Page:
At the heart of symbolism

(Irish) Celtic orientation and tradition


The four Celtic “festivals”

The four “festivals”

The oral Celtic tradition has lost its place in a world where temporal took over spiritual, where historical facts supplanted myths. One of the most reliable sources today comes from the Irish Middle Ages. According to this source, the annual cycle was regulated by four “festivals” (for lack of a more appropriate word), ordered in agreement with the Eastern orientation, which held a central role in the (Irish) Celtic tradition.

Facing East, the being has South on his right and North on his left. As the living world associated with South is above the dead world related to North, South is “above” whereas North is “below”. The North-South vertical axis consequently separates the year into two cold and warm seasons connected to the sunrise and sunset movements alongside the horizon.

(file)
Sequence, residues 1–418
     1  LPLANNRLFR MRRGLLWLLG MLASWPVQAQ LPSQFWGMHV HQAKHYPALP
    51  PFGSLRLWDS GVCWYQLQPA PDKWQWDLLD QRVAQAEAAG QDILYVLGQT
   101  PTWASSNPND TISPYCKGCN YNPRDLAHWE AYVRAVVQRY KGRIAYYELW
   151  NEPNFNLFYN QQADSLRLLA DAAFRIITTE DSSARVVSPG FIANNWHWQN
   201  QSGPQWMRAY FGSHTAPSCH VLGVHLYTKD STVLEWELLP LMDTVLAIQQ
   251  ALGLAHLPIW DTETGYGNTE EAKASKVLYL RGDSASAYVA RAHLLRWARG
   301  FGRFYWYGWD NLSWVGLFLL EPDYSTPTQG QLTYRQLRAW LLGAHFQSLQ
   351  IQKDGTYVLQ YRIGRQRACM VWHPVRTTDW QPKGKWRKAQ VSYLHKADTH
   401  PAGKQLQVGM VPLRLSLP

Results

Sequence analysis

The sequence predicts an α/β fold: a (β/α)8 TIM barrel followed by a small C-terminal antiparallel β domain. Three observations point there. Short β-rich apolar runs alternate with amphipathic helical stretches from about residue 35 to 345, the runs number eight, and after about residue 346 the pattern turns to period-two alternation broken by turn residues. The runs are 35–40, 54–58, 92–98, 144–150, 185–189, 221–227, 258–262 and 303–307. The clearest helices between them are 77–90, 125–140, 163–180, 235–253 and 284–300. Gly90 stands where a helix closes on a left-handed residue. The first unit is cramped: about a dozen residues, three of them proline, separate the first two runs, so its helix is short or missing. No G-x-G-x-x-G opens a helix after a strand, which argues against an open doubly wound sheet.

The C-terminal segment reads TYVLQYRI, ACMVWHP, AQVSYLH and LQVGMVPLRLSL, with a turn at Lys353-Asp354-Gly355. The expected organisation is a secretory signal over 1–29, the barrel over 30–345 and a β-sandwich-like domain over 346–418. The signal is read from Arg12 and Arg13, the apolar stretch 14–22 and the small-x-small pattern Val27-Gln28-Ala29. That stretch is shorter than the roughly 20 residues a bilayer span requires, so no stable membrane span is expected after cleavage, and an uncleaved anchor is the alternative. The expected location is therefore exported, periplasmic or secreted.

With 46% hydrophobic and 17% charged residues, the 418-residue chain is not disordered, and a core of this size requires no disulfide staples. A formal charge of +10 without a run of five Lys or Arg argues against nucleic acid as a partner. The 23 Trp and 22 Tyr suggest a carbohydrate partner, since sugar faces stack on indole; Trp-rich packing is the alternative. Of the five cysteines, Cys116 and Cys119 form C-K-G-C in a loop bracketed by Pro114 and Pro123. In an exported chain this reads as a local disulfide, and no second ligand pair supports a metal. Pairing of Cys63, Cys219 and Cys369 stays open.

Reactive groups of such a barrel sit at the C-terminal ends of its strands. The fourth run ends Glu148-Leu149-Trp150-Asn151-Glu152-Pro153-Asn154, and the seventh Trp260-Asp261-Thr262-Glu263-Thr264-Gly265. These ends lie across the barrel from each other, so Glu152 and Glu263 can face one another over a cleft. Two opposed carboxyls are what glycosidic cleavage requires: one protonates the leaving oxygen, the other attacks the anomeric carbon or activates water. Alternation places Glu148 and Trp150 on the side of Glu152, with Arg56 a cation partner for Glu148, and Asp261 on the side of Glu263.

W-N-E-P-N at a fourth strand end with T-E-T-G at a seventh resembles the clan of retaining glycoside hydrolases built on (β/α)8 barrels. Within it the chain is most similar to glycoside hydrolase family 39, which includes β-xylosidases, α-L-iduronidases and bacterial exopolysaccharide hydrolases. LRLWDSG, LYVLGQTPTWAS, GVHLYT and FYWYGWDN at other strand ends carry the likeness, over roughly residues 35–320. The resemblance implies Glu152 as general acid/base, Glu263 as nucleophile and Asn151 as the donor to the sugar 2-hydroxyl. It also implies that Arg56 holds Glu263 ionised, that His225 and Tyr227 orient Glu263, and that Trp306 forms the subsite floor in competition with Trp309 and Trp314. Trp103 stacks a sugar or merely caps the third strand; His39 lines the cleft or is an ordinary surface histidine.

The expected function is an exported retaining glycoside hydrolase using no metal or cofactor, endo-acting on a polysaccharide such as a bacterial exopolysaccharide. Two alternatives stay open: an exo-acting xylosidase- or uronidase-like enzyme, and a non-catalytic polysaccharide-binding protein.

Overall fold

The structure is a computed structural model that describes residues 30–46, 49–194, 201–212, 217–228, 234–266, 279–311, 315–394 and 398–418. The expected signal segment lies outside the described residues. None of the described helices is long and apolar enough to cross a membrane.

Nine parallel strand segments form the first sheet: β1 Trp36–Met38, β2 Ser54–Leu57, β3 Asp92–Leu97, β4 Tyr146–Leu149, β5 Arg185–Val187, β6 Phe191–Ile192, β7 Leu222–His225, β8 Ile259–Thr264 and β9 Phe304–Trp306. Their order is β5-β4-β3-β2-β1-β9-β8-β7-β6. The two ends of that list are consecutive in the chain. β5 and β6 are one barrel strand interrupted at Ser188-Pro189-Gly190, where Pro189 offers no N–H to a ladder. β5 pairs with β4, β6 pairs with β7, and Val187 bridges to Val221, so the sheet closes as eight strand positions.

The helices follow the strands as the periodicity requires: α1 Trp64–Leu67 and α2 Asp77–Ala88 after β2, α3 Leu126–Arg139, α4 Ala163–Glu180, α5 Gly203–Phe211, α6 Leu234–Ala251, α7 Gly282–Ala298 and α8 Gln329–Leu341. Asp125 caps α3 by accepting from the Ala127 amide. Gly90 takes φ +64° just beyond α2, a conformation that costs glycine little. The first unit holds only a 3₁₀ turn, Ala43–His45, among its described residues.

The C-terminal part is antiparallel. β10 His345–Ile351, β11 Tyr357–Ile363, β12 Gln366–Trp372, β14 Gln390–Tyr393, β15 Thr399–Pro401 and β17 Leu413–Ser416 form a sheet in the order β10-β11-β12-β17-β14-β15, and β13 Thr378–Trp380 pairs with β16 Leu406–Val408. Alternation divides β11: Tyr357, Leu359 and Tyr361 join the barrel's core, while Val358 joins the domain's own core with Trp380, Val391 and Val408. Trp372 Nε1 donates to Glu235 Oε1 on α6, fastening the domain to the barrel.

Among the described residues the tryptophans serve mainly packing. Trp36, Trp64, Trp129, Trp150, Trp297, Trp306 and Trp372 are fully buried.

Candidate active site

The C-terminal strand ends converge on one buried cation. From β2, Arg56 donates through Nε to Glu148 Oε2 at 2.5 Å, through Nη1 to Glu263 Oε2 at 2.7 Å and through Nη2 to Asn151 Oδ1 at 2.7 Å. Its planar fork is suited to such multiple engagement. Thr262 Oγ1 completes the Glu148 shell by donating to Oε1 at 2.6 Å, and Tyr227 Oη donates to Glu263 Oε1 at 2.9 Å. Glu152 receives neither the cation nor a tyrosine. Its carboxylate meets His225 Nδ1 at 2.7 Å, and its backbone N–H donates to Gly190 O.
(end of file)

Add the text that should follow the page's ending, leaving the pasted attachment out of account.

The four known “festivals” were held close to the dates of sunrise and sunset at solstices and equinoxes:

  • Samain (“Assembly”) on 1st November sets out the beginning and the end of the year;
  • Imbolc (“lustration”) on 1st February is the handcraft “festival”;
  • Beltaine (“Fire of Bel”, luminous aspect of Lug) on 1st May is the sacerdotal festival;
  • Lugnasad (“Lug's assembly”) on 1st August is the royal “festival”.

These “festivals” undeniably reflect the strong hierarchical structure of the Celtic society.

All mythological and epic stories have their main episodes running around the first “festival”, Samain. It was the object of meetings, banquets or feasts which lasted at least 3 days before and 3 days after the “festival” day itself if not during one or two weeks. The “festival” is an “enclosed period”, beyond time, where men may communicate with the Other World, the “síd”. The in-between world “festival” symbolizes death of the being to his ordinary state and his re-birth into the fully human state, the primeval being's state.

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